The White House said it is “determined” to implement a global price cap on Russian oil as finance ministers from the G7 industrial powers on Friday pledged to impose such a cap. The effort is a bid to limit the Kremlin’s revenues and ability to fund its war in Ukraine, while also curtailing the war’s impact on energy prices and inflation.
Watch the briefing in the player above.
“The impact of our efforts to implement a price cap is already bearing fruit,” said White House Press Secretary Karine Jean-Pierre.
“Reports show that Russia is already offering steep discounts as much as 30 percent and long term contracts to some countries. This also demonstrates that Russia is planning to continue supplying its oil and willing to swallow bigger discounts,” she said
The decision by the finance ministers follows discussions at the group’s summit earlier this year and aims at solving one of the vexing problems with sanctions against Russia: Global oil prices have risen on fears of restricted supply, which has only fattened the Kremlin’s take.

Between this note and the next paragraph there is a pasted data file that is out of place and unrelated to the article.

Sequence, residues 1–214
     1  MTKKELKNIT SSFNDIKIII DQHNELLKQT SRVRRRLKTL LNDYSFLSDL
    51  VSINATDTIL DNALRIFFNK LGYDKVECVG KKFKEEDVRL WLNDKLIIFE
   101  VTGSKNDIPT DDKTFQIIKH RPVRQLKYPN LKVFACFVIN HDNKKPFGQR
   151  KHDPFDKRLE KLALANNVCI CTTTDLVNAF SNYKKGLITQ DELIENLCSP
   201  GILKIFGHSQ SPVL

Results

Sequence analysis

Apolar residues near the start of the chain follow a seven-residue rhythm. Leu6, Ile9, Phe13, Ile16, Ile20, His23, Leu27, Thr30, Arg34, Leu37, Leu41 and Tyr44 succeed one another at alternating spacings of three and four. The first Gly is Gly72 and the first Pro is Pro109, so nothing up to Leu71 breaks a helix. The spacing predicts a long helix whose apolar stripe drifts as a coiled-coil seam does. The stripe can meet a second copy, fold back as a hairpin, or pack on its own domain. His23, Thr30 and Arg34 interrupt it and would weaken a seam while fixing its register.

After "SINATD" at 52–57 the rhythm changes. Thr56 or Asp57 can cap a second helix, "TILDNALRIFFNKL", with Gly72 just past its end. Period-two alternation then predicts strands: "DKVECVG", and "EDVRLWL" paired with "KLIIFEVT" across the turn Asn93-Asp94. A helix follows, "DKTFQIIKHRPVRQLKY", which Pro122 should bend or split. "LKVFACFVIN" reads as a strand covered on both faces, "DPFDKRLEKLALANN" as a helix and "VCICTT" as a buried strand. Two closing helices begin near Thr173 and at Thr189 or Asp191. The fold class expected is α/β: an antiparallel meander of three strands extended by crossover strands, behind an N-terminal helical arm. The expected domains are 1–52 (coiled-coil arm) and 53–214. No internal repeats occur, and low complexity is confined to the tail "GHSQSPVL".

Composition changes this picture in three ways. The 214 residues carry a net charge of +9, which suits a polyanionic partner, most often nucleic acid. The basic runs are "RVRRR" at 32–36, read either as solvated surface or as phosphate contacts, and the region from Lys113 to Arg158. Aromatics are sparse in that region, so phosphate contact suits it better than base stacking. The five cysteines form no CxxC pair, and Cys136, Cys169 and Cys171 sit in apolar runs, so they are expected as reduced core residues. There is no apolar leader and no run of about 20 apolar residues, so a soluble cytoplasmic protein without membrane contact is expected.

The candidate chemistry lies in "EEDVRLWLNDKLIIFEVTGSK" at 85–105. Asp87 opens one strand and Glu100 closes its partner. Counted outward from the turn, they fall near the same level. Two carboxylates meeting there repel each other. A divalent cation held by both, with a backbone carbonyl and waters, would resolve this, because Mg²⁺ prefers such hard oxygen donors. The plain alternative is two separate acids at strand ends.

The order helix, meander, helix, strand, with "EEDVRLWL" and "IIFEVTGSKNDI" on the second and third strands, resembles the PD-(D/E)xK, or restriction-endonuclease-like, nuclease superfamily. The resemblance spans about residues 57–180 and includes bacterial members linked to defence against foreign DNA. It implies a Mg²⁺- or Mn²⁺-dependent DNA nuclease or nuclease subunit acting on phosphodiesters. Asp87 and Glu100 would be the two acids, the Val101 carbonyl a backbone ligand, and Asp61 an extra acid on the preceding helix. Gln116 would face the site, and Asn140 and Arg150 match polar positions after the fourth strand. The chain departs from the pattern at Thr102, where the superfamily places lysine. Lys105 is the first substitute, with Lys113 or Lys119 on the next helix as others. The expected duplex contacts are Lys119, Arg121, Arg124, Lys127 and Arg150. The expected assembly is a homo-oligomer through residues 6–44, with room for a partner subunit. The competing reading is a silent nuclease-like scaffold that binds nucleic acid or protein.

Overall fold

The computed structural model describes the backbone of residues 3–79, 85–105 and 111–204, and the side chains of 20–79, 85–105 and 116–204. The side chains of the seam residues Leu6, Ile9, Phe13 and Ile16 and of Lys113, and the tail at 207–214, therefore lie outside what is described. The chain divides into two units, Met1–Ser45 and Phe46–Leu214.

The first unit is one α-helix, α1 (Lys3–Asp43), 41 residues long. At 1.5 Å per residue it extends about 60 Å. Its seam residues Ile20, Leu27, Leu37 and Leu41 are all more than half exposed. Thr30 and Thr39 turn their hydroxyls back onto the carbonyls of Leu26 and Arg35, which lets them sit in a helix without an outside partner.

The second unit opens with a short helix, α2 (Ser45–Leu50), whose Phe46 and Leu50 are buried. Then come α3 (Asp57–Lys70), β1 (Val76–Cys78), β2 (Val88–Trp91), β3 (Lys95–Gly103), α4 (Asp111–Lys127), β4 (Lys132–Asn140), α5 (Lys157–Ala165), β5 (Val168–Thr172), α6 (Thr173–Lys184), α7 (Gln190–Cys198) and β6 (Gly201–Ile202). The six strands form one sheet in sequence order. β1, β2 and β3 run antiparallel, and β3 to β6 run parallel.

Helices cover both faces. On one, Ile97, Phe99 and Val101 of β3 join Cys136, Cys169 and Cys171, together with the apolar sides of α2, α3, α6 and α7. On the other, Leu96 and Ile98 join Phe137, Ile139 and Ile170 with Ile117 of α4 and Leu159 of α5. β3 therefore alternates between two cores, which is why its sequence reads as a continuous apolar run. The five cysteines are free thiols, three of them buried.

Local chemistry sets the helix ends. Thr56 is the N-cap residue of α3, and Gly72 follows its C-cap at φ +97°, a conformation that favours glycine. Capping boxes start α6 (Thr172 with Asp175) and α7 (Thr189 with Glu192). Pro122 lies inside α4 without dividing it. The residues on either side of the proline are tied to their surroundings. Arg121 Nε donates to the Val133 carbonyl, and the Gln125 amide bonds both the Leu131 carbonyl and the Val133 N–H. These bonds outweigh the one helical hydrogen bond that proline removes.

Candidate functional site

In a statement issued by Germany, which chairs the G-7 this year, the ministers said they “confirm our joint political intention to finalize and implement a comprehensive prohibition of services which enable maritime transportation of Russian-origin crude oil and petroleum products globally.”
READ MORE: U.S. House approves Russia oil import ban bill
The statement did not give any proposed figure for a potential price cap and also did not specify when the G-7 aims to finalize the plan.
To be effective, the price cap would have to involve as many importing countries as possible, in particular India where refiners have been snapping up cheap Russian oil shunned by Western traders.
In a related development Friday, Russian energy giant Gazprom said Friday that it can’t resume the supply of natural gas through a key pipeline to Germany for now because of what it said was a need for urgent maintenance work, just hours before it was due to recommence deliveries.
German officials have rejected the explanations as a cover for a political power play following Russia’s invasion of Ukraine.
In separate matter, the White House is downplaying any friction between President Biden and Mississippi’s Reublican governor, Tate Reeves, over responding to the water crisis in Jackson.
President Joe Biden said his administration has offered Mississippi “every single thing available” to address the water crisis and called on the governor to fix the problems.
At Friday’s briefing at the White House, Jean-Pierre said, “the FEMA administrator spoke to the governor this week, and the president has spoken to the mayor of Jackson. The the conversations are happening.”